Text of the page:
khaNDavAsI mukunda-dAsa, zrI-raghunandana
narahari-dAsa, ciraJjIva, sulocana |
ei saba mahAzAkhA——caitanya-kRpAdhAma
prema-phala-phula kare yAhAG tAhAG dAna ||CC 1.10.78-79||
The Sri Khandavasis were Mukunda, Raghunandan, Narahari, Ciranjiva and Sulochana. They formed a major branch of the tree of Sri Caitanya’s reservoir of mercy. They gave away the fruits and flowers of that prema anywhere and everywhere.
The photo is a painting on a courtyard wall at Narahari Gaura Kunja in Baradanga. It shows the main Sri Khandavasis as listed in Caitanya Caritamrta. As you look at the picture, on the far left is Mukunda Das/Sarakar. He was the son of Narayan Das and the eldest brother of Narahari. Mukunda’s son is Raghunandan Thakur. His second brothers name was Madhava Das. The Gaura Ganoddesa Dipika (175) states that Mukunda was the presiding deity of Braja, Vrinda Devi.
The next person in the photo (right side of Mukunda) is Raghunandan. One day Mahaprabhu gave Mukunda a half-chewed piece of His pan prasad and told him to give it to his wife to eat. The next day Raghunandan was born. In Caitanya Caritamtra (Madhya 15.114) Mahaprabhu asks Mukunda who is the father, you or your son Raghunandan. Mahaprabhu was pointing out that the one from whom Krishna bhakti is obtained is the father, or guru. This was spoken in relation to the famous story about Raghunandan serving bhoga to his father’s Gopinath which goes as follows:
One day Mukunda had to go out for some work. He prepared a plate of bhoga to be offered to Gopinath and asked that Raghunandan keep watch on the offering until he returned. Raghunandan kept looking at Gopinath waiting to see Him eat, but He did not eat. In anger Raghunandan said, “Gopinath! Will you not eat? Will you only eat when my father feeds you? Are you not mine?” He said this and burst into tears. Seeing this, Gopinath got teary-eyed to see him weep and said with a smile, “I am yours Raghu,” and began to eat. He ate ever particle and Raghunandan was unlimitedly happy. When Mukunda returned he asked Raghunandan to bring prasad, and he said, “Papa! Gopinath ate it all.” Mukunda was stupified. Out of curiosity the next day he pretended to go again for some work and asked Raghunandan to feed Gopinath again. Instead of going anywhere he hid behind the door. Raghunandan picked up a laddu from the plate and put it in the hand of Gopinath and said, “Eat Thakur, eat.” At that time Mukunda peeked around the door and to his surprise he saw that Gopinath was eating with great pleasure. Gopinath then noticed Mukunda watching from the door. Mukunda was a great devotee, but he did not have the simple heart and faith of his son, Raghu. Gopinath had eaten half the laddu and the remainder was still in his hand. Mukunda was overwhelmed and embraced his son and kissed him again and again as tears of joy flowed from his eyes. In Gopinath’s temple in Sri Khanda you can see that Gopinath is holding half a laddu in His hand.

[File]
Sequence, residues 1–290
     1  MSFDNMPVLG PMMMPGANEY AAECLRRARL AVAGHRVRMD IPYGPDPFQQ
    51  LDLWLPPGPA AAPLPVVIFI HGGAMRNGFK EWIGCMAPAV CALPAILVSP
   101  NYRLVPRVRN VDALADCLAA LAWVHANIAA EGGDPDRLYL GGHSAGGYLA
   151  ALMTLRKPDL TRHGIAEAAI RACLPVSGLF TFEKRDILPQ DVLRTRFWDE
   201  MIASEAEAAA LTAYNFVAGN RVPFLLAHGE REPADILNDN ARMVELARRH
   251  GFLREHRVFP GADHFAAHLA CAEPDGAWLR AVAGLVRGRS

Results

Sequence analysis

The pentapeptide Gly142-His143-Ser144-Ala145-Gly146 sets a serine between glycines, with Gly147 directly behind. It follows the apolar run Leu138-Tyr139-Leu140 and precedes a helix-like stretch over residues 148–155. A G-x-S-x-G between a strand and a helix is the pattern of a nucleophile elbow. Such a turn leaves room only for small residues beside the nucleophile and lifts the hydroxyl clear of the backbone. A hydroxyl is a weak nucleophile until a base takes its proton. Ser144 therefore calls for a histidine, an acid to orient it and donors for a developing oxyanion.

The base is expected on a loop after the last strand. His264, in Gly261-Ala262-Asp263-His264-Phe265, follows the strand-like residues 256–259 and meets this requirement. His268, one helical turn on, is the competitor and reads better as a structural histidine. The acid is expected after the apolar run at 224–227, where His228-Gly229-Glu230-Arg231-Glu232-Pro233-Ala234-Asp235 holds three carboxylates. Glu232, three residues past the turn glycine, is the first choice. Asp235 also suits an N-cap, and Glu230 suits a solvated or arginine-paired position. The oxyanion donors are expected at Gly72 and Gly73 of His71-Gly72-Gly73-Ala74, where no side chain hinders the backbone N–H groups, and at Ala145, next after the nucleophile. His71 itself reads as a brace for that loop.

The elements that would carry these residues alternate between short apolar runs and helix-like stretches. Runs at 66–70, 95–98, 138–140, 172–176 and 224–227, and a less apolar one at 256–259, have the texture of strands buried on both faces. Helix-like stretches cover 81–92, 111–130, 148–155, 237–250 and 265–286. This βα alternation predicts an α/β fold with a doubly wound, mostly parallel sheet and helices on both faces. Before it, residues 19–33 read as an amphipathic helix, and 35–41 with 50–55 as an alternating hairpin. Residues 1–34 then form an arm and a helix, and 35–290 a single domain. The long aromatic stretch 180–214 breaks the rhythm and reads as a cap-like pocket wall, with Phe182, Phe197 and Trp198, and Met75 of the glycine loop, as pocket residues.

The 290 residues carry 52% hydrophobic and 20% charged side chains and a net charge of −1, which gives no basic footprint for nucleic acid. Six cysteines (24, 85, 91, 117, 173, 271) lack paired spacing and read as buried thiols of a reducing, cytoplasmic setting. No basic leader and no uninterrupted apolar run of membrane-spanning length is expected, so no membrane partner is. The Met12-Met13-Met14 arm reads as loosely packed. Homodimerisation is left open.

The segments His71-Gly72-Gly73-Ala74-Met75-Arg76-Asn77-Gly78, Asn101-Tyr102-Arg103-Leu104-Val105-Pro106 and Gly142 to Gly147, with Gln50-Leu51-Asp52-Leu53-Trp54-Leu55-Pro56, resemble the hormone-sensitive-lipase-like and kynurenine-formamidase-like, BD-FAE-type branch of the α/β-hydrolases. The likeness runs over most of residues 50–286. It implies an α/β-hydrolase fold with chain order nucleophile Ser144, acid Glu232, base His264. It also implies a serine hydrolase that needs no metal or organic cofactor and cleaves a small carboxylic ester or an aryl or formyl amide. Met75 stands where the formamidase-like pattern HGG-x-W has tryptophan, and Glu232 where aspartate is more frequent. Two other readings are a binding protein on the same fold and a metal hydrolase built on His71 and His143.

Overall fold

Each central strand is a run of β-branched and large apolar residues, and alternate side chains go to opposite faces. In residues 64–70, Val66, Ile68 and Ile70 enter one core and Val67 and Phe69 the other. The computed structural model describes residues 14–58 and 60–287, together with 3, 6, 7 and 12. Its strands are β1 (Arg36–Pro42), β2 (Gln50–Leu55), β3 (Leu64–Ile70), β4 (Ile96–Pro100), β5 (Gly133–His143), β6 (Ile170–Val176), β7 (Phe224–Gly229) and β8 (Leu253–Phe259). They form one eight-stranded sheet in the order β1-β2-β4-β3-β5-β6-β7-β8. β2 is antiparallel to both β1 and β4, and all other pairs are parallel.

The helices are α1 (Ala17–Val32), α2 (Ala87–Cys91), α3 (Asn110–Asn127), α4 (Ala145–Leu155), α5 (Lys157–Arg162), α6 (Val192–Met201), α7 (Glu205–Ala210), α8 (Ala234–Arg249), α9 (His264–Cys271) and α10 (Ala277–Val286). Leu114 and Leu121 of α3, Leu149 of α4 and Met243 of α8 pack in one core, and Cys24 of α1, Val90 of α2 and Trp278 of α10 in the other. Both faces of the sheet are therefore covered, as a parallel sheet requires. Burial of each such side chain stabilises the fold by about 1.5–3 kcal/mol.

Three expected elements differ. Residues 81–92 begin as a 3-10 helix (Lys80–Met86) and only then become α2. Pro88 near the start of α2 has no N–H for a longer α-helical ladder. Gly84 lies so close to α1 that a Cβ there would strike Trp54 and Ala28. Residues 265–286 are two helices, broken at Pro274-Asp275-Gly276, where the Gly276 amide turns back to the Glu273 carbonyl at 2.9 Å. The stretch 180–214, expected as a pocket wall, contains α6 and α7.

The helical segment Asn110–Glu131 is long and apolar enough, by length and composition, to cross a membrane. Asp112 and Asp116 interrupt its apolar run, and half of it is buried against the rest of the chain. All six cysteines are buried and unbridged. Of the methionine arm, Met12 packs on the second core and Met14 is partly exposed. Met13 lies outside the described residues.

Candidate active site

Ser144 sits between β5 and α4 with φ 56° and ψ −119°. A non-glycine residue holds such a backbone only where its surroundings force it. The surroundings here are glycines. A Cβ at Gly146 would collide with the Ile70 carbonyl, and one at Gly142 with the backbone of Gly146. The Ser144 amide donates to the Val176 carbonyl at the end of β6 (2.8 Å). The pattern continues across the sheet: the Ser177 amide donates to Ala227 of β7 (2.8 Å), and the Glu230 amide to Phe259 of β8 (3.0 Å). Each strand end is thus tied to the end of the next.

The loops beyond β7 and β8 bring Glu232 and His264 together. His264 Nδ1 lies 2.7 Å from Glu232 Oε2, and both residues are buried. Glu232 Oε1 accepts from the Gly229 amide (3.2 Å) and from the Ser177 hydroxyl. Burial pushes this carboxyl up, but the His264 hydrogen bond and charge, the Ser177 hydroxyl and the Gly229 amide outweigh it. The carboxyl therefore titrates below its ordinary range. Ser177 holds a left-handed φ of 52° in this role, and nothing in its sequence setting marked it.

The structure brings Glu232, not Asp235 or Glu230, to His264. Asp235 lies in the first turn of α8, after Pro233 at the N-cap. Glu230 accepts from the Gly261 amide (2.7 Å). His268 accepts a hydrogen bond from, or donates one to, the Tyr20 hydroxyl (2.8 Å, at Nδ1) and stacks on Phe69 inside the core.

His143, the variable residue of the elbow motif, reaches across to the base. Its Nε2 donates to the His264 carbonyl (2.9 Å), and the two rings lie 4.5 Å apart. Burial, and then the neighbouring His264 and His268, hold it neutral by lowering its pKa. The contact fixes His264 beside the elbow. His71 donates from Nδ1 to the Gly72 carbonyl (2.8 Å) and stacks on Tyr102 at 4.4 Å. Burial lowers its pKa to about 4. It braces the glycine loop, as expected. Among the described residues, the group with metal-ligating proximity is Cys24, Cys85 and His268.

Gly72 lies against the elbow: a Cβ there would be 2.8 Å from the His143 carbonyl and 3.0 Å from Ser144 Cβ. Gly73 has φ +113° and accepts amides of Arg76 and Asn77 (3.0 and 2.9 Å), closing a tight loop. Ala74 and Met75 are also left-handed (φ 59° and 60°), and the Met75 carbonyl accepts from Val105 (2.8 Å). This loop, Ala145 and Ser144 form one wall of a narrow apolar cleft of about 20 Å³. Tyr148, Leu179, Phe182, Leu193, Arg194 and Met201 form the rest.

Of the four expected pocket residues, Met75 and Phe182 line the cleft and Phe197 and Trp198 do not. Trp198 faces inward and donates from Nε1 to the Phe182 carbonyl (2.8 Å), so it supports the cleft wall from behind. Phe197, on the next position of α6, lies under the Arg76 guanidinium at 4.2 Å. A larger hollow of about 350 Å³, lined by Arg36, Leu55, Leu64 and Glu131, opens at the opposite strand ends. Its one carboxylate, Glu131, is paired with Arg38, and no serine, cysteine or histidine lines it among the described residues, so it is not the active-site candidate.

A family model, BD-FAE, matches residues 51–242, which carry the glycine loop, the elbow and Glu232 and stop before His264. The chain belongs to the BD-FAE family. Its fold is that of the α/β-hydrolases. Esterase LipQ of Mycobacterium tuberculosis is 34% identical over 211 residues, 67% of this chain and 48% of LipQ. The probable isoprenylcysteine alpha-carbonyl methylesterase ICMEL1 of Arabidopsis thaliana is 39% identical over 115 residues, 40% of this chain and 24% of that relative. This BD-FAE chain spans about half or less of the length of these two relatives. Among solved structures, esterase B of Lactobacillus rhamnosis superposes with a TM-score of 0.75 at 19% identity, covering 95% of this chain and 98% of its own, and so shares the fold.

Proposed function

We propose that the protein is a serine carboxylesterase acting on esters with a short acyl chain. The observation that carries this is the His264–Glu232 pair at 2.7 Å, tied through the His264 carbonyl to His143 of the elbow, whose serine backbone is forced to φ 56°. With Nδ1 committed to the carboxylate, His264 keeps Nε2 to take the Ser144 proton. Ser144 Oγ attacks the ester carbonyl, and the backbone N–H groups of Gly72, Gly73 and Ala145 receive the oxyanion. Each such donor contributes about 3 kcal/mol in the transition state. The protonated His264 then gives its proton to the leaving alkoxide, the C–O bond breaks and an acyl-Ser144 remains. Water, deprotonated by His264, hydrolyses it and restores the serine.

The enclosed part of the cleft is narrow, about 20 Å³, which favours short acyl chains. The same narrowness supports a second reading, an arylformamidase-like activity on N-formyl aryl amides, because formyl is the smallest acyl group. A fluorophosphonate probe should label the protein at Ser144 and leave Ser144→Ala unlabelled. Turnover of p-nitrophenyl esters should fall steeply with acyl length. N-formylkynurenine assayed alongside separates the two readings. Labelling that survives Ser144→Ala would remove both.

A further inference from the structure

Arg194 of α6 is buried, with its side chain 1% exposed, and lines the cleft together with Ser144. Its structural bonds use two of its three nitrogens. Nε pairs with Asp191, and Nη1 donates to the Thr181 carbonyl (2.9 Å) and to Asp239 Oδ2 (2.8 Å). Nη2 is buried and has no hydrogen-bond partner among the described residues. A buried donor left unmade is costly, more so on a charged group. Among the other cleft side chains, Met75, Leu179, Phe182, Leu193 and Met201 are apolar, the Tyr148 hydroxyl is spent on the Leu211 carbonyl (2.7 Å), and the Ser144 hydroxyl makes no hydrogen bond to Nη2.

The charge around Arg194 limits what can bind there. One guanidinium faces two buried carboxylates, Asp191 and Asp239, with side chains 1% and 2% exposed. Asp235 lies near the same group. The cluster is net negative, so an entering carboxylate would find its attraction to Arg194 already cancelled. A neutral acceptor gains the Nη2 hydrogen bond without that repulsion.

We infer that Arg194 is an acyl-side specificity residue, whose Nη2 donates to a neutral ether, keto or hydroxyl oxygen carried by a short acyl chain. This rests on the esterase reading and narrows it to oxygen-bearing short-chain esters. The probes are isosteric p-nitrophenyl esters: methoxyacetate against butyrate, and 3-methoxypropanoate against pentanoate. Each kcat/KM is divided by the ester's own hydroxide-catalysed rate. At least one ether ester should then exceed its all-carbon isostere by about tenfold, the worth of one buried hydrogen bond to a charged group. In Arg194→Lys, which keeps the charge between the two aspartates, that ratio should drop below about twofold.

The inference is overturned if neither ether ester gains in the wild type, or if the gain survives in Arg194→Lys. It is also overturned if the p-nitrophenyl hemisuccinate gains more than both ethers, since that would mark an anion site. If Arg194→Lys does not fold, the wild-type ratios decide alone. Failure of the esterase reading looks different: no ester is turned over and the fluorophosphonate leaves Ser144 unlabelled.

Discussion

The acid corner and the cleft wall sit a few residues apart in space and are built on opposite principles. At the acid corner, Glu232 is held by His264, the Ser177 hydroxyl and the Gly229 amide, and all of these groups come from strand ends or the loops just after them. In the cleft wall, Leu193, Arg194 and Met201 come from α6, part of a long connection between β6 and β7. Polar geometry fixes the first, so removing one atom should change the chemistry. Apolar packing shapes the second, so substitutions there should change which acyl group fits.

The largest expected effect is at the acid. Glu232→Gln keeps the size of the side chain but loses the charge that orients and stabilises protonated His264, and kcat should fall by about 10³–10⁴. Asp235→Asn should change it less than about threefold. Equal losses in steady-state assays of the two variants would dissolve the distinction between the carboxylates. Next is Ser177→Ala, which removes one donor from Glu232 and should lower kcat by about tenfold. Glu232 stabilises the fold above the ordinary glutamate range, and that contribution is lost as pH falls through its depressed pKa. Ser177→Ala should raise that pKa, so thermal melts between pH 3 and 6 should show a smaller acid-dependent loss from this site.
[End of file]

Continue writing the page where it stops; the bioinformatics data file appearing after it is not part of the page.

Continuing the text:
When Raghunandan was eight years old his father took him to Nilachal for darshan of Mahaprabhu. As soon as Raghunandan made obeisance he sang the following verse which came into his heart spontaneously:
“O Golden Gaura! How sweet is your body, from which hundreds of streams of lustre flow. Even Cupid feels jealous of Your beauty, on account of which You easily steal the heart of anyone who sees You even once. O Gaura! How I wish that the image of You in Your dancing pose always remains in my mind.”
Mahaprabhu’s companions were all struck with wonder to hear such a sloka coming from the mouth of an eight year old boy. Mahaprabhu entrusted him with the service of their family deity Gopinath who he served lifelong with his heart and soul. On the account of his bhakti two flowers bloomed everyday on a Kadamba tree on the bank of a pond near his house for the service of Gopinath. (CC Madhya 15.128-129)
There was a great Vaisnava named Abhiram Goswami who heard of Mahaprabhu’s special affection for Raghunandan and came for his darshan. He made a full prostration before Raghunandan who picked him up and embraced him. They began kirtan and started to dance. While dancing one of the nupurs worn by Raghunandan flew off his foot and fell near the house of his disciple Krishna Das in Akaihat some two miles away. A kunda appeared on the spot where it landed. This Nupur Kunda of Akaihat can be see even today. I was unaware of this lila and didn’t go to Akaihat to see the kunda unfortunately…next time I go to Sri Khanda I will certainly make a point of visiting this kunda.
Raghunandan wanted to have darshan of Srinivas Acharya before leaving his body. At the same time a desire arose in the mind of Srinivas Acharya to come and see Raghunanadan. Happily they met and confidentially Raghunandan said, “All of Mahaprabhu’s companions have gone one by one. Having been deprived of their company I don’t want to live any longer. Let’s see if Mahaprabhu fulfils my desire.” After a couple of days Raghunandan arranged for Nam-yajna in which he performed kirtan. On the third day, while doing kirtan he was so overwhelmed in bhava that he began to invoke Mahaprabhu by loudly chanting His name, “Sri Krishna Caitanya.” Mahaprabhu heard his call and appeared before him internally and took him to His Dham.
The next person in the painting is Narahari and I have written something about him in Pt.1 of this series. On the right side of Mahaprabhu is Ciranjiva and the last person is Sulochana. Ciranjiva had two famous sons. The oldest son was the dearest associate of Narottam Das and was named Ramachandra Kaviraj and the other was the famous poet Govinda Das/Kaviraj. The Gaura Ganoddesa Dipika (197-297) states that Ciranjiva was the sakhi named Candrika in Braja-lila and Sulochana was the sakhi named, Chandrashekara.
All these Sri Khandavasis would come to Nilachal each year to have darshan of Mahaprabhu and to perform kirtan and dance before Jagannath Dev at Ratha Yatra.